Image credit: NASA/JPL-Caltech/SwRI/MSSS/Kevin M. Gill
Observations made by NASA’s Juno mission have revealed that Jupiter’s atmosphere is more complex than scientists first anticipated. A new type of “shallow lightening” alongside mushy hailstones of ice and ammonia dubbed “mushballs” was reported by a multi-institutional team led by the NASA Jet Propulsion Laboratory (JPL). The team’s findings were recently reported in the journals JGR Planets and Nature.
The Juno space probe was launched in 2011 and began its orbit in 2016 with the goal of learning more about the giant’s atmospheric composition, gravity and magnetic fields, as well as its magnetosphere.
NASA’s Voyager mission first saw lightning flashes on Jupiter when it passed by the planet in 1979. Since then, scientists have speculated that this lightening was produced during thunderstorms similar to those on Earth, where the storms are driven by the interacting phases of water in regions where solid, liquid, and gas co-exist. According to NASA, this was supported by the fact that fly by missions, like Voyager, had only observed low altitude bright spots on Jupiter’s cloud tops, suggesting that the flashes originated in deep water-based clouds that form around 50 km below the visible surface, where the temperature is close to 0 °C.
But Juno’s observations tell a different story.
Using sensitive instrumentation, Juno was able to detect lightening on the planet’s dark side at high altitude locations which experience low pressure and temperatures — much lower than would allow for all three phases of water to coexist and form a typical terrestrial thunderstorm.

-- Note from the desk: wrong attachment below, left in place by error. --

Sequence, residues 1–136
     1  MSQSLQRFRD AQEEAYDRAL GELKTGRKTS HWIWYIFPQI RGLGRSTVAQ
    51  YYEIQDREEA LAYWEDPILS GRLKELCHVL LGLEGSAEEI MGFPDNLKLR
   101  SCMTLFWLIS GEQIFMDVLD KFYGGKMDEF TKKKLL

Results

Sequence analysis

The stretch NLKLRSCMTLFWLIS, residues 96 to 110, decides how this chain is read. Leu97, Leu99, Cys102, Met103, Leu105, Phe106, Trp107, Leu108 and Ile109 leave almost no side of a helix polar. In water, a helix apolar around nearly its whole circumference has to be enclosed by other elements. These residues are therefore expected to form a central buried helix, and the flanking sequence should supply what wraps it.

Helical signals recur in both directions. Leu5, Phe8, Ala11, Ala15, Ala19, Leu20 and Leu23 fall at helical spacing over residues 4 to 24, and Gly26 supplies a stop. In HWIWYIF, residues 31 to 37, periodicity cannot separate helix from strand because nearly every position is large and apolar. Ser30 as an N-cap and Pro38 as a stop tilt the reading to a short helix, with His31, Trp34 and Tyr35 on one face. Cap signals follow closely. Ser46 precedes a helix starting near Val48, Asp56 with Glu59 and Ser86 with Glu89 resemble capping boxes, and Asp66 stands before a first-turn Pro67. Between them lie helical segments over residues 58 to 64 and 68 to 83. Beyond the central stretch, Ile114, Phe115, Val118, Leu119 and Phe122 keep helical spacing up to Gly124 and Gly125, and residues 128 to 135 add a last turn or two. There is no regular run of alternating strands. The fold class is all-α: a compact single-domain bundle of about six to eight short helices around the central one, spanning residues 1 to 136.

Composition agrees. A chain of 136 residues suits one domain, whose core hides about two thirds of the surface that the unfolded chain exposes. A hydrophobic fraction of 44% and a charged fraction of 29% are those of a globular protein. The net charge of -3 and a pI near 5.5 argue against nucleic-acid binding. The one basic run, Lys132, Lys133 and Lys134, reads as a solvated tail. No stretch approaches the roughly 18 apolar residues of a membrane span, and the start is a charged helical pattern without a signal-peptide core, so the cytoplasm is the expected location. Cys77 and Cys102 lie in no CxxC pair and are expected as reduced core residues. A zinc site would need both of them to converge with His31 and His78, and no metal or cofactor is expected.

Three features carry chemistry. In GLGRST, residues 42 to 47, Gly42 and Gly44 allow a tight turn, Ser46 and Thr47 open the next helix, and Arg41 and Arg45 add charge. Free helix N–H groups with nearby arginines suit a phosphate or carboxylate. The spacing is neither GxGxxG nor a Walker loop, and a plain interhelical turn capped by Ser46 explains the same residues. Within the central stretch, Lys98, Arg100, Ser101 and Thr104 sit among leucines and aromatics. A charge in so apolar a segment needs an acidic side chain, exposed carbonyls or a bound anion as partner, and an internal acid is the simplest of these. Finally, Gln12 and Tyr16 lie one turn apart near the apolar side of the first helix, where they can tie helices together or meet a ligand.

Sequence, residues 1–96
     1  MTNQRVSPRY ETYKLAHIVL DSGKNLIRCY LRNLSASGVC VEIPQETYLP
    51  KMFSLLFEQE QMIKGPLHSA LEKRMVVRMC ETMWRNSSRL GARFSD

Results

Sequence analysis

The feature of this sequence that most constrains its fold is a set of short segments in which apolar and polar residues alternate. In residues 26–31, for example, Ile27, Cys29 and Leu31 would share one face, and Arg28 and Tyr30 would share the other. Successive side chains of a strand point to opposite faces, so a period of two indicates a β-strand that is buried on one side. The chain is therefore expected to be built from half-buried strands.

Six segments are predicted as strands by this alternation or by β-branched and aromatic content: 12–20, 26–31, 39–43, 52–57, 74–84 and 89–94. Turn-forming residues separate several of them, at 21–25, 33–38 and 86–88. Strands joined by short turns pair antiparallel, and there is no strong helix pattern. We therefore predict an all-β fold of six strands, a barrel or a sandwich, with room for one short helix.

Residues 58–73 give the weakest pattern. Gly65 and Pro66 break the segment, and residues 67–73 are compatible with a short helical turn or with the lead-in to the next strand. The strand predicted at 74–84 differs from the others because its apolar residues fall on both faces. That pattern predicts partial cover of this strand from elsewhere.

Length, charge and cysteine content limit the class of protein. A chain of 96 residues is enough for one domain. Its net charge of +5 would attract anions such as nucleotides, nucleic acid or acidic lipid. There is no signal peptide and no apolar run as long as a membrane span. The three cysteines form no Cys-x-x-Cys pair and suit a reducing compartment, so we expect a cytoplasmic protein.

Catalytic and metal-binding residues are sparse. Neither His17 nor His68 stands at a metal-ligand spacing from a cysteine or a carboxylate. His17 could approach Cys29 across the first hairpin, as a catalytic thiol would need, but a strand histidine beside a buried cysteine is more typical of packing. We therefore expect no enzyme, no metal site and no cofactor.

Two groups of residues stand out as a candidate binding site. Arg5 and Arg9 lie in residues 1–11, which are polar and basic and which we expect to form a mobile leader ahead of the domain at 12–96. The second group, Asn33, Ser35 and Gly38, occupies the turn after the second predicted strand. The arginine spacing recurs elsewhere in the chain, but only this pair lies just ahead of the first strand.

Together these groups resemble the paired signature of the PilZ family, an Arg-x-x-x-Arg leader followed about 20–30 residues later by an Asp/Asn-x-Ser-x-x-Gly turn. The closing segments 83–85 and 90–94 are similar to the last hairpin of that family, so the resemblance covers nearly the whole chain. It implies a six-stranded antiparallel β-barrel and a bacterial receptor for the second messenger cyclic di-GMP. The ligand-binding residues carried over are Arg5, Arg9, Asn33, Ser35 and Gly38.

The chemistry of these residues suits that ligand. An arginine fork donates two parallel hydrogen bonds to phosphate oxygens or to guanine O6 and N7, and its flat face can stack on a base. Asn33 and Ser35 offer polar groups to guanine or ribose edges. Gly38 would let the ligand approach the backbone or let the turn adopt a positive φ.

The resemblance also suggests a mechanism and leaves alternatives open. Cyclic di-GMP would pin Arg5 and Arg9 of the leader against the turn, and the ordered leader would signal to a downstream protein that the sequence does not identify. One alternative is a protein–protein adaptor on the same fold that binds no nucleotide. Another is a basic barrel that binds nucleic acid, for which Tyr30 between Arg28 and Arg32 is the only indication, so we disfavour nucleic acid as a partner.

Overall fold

The researchers suggest that gaseous ammonia acts as an anti-freeze in these regions, changing water crystals brought into the upper atmosphere by powerful storms from solid to liquid. These mixtures of ammonia and water result in some unexpected meteorology, by forming the seeds of the slushy ammonia/water hailstones called “mushballs”, which fall toward the planet as they become heavier, and eventually evaporate.
In addition to understanding the driver for Jupiter’s “shallow lightening”, this mechanism helped the team to explain the distribution of ammonia on the planet, which was expected to be well mixed; however, observations showed an abundance of the chemical at the equator, but high variability or depletion elsewhere.
Using an atmospheric mixing model, the team was able to show that the formation of these “mushballs” dry out the deep atmosphere of its ammonia and account for the variations observed by Juno as a function of latitude.
“These ‘mushballs’ fall, evaporate, and continue sinking further in the planet’s deep atmosphere, creating both ammonia depletion and variability, potentially explaining the Juno observations,” wrote the authors.
Tristan Guillot, et al. ‘Storms and the Depletion of Ammonia in Jupiter: I. Microphysics of “Mushballs”‘ JGR Planets (2020). DOI: 10.1029/2020JE006403
Heidi Becker, et al. ‘Small lightning flashes from shallow electrical storms on Jupiter‘ Nature (2020). DOI: 10.1038/s41586-020-2532-1